Your mind forces through another curtain of sleep, faded
in the morning flame, your patience rusting away, too much effort
to breathe the too-clean air, catching like the vibrations
blooming from a girl’s violin strings. She told you
she’d be back, but one day she stopped hiding flowers,
stopped radiating enough warmth to combat the midsummer afternoons.
On your good days
(you envision them as green glass bottles)
you let yourself open the windows in your room, let
the cloudlight filter in silver rectangles echoed on your walls.
You’ve only made eye contact with someone outside once, the postman
on his last dregs of coffee, but all you saw was the jagged fatigue
of a prolonged job. You don’t keep your windows open
between 2 and 3 in the afternoon anymore, not even
to revel in the comfort of the slivers of shadow, darting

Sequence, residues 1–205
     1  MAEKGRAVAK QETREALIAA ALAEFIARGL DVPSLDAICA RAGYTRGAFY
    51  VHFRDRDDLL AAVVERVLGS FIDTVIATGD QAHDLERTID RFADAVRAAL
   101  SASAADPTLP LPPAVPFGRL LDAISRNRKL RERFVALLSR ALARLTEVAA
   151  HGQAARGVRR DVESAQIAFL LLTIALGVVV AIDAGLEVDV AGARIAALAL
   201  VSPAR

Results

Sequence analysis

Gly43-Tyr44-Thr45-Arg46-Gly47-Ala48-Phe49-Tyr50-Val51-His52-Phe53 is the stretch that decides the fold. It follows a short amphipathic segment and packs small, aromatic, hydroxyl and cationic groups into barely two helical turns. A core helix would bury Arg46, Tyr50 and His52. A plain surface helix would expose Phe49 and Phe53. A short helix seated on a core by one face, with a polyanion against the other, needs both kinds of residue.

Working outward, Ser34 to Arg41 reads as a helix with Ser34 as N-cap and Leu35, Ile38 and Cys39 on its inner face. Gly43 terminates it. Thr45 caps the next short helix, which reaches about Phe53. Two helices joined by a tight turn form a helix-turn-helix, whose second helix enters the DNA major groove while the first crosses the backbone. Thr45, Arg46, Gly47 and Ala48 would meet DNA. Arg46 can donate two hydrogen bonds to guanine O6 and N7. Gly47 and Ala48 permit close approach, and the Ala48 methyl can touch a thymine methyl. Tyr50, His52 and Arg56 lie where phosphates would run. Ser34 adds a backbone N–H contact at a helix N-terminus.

around the room like tongues of fire.
You can barely remember words of praise, everyone painting
a portrait of who they wanted you to be, a successful mold
of potential, the value of your life reduced to
two-point-three-million and still rising, the number of houses you’ve seen
illuminated only by the sun in the background.
You find yourself drifting through daydreams, temptations,
more dramatic, more scripted, more f***ing important than your life, and
you wonder when you started feeling so cold, so unimpressionable,
so tired of the routine that makes everything dreary.
You decide that for once, all you’ll let yourself see
is your own free will and importance,
the irony of lighting up
what everyone builds around you.